The investment industry is in the midst of a price war that will cut costs for many — from individual investors to sophisticated hedge fund participants. That's great news for investors.
Individual investors have little concept of the impact of investment fees and costs on overall return. It can be huge. There are two types of fees, and they are not always fully disclosed or transparent.
Initial investment cost
The first big cost you might face is the initial cost of getting into the investment. These up-front commissions are often baked into the price you pay for the stock, bond or mutual fund and are not disclosed separately on the sales confirmation. If you invest $10,000 in a broker-sold mutual fund, it's likely that about $9,500 of that investment will go to work for you in the stock market. The rest goes into the broker's pocket. Those up-front costs diminish your investment returns dramatically.
Ongoing management fees
Whether you pay a fee for advice or the fee is part of the cost of research and commissions in a mutual fund, these annual charges have a huge impact on your long-term return. If you just hope to do as well as the market (a pretty good return over the long run), consider an index fund that tracks a popular index like the S&P 500. These funds have far lower costs because they do not have any stock research costs, and they only sell a stock when it is taken out of the index.
Vanguard's website shows the impact of annual fees on a $100,000 investment over 25 years.
If the account earned 6 percent a year for the next 25 years and had no costs or fees, it would ultimately be worth $430,000. But if you paid 2 percent a year in costs, after 25 years you would have only about $260,000.
In other words, paying that management fee every year would have wiped out about 40 percent of your total return. The fee impacts not only the money you have invested, but the returns that would have been compounding in your account every year if fees weren't subtracted.
There is already a price war going on in hedge funds, which are cutting fees dramatically in the wake of poor performance. Gone are the days of charging 2 percent annual fees and 20 percent of the profits.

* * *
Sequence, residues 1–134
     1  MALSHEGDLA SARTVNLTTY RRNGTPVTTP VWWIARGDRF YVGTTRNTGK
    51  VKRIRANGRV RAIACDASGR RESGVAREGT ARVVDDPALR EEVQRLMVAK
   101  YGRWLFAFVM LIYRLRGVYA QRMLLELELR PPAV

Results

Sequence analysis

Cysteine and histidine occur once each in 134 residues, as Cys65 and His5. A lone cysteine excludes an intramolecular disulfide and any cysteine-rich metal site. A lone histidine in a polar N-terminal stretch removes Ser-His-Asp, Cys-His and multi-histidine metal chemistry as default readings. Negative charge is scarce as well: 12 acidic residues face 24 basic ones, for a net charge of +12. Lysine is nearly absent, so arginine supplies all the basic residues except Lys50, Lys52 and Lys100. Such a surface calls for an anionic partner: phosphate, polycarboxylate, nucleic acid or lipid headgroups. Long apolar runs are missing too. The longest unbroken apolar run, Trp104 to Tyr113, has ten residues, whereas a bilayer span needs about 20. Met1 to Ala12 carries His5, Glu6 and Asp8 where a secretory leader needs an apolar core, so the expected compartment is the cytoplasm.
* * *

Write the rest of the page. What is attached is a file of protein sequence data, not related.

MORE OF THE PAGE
Individual investors benefit from this fee price war, too. Fidelity just announced it is cutting its annual expense charges for its Fidelity 500 Stock Index (S&P 500 Index) and Total Market Index to a miniscule 0.045 percent annually. (And there's no up-front commission at Fidelity.)
Then, within a day of the Fidelity announcement, long-time index fund leader Vanguard dropped its annual fee on major index funds to 0.04 percent.
Daniel P. Wiener, editor of the Independent Adviser for Vanguard Investors (www.adviseronline.com), says the competition is intense because of the trend toward investing in “passive” funds that track the major indexes. In fact, in 2016 Vanguard reached $4 trillion in assets under management, mostly in index funds.
But Wiener also notes that just because a fund is called an “index fund” doesn't mean it has low fees. He points to some index funds inside 401(k) plans sold by insurers. Notably the State Farm S&P 500 Index Fund B has annual expenses of 1.38 percent. And the JPMorgan Equity Index A fund, which tracks the S&P 500, has annual expenses of 0.4 percent, plus a 5.25 percent upfront sales charge.
The moral of this story is that smart investors can save on fees and do as well as the market by purchasing low-cost index funds that track the market. That's The Savage Truth.
Terry Savage is a registered investment adviser and the author of four best-selling books, including “The Savage Truth on Money.” She responds to questions on her blog at TerrySavage.com.